The general sense is that COVID Act 1 and the MAS Measures were largely effective in (i) staving off commencement of legal proceedings and other enforcement action which would have severely disrupted businesses; and (ii) providing respite to the cash flow stresses of SMEs.
Yet, despite the swift and decisive actions taken, data from bizinsights.net showed that the number of businesses that ceased operations in the first three months of 2020 jumped 78% to 18,923 from the same period in 2019.
Hence, the government took further decisive steps, and passed COVID Act 2.
COVID Act 2
The measures under COVID Act 2 are significant, representing a more "substantive intervention" as to contractual rights.
Relief from rent
COVID Act 2 provides relief for SMEs by mandating the co-sharing of rental obligations between the government, landlords and tenants. This includes:
- Relief paid for by the government which is available to all SMEs.
- Relief to be paid by landlords (‘additional rental relief’) which is available only to eligible SMEs.
The following criteria must be satisfied for additional rental relief:
- SME at group level;
- Substantial drop in average monthly revenue of 35% or more in April and May 2020 compared with April and May 2019;
- Tenancy must have been entered into before 25 March 2020; or entered into before 25 March 2020 but expired and renewed automatically or in accordance to the tenancy agreement.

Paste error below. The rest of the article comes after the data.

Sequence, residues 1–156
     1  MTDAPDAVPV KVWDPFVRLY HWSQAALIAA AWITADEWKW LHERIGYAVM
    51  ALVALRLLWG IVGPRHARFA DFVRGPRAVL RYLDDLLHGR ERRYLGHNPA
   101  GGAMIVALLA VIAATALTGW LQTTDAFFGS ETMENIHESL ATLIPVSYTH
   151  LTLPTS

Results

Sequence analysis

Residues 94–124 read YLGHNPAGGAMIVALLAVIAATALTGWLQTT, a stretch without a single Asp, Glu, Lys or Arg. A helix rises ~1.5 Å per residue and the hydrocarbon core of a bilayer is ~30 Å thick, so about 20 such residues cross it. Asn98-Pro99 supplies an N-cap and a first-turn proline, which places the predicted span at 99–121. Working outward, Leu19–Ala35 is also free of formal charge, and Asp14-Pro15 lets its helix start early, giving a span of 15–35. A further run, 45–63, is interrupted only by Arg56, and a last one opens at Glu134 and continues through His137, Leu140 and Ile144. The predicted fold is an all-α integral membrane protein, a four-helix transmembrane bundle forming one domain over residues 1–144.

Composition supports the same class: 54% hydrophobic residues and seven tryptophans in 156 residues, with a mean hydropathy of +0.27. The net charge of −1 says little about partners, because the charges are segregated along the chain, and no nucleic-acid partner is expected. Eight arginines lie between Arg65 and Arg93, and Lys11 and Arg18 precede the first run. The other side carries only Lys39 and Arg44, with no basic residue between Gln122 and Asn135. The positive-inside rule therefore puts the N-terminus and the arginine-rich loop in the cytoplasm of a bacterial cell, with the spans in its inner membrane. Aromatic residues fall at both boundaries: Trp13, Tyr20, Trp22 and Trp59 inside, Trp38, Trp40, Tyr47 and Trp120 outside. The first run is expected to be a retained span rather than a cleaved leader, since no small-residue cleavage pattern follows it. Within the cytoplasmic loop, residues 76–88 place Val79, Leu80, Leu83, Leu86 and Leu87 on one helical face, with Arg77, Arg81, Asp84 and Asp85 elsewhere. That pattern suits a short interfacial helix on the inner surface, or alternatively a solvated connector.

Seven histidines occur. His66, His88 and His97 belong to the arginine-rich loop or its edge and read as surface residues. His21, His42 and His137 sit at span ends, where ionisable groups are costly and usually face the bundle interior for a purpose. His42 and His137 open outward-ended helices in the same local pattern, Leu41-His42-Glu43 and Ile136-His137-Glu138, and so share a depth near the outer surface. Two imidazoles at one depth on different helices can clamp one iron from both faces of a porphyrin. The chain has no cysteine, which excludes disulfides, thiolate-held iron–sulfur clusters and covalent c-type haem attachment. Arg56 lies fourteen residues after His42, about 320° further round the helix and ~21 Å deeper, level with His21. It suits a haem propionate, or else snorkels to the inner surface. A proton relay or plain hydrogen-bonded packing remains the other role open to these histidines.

Cap on late interest charges
Under COVID Act 1, default late payment and interest charges continued to run, since contractual obligations were only deferred rather than permanently waived. Section 7A of COVID Act 2 places a cap on the late payment interest and charges accruing from debts not paid up to a prescribed amount.
Relief from failure to vacate property
When a tenant fails to vacate a premises after their tenancy has expired, the law typically allows landlords to charge double rent for this period. Section 7B of COVID Act 2 allows tenants to pay only the amount prescribed.
Both COVID Acts will likely be supplemented by amendments to ease companies and individuals off the relief measures, as repayment obligations will eventually have to be fulfilled. The MAS has indicated recently that it is working with banks on this.
Specifically, Singapore’s central bank hopes to avoid the “cliff effect”, whereby deferred loan repayments all fall due on 1 January 2021, leading to immediate defaults across many industries.
As Singapore's Senior Minister of State for Law noted, it may be necessary in the coming months to consider modifying existing restructuring laws to cater to SMEs. Possible steps include:
- Streamlining formal legal requirements for SMEs entering into rescue processes;
- Implementing a fast-track process mandating completion within a certain period;
- Increasing use of pre-packs where feasible;
- Mandating use of mediation in formal restructuring processes.
Given that debts owed by SMEs are frequently supported by personal guarantees, the rehabilitation rules for personal bankruptcies could be re-examined.
An earlier version of this article was published on www.internationallawoffice.com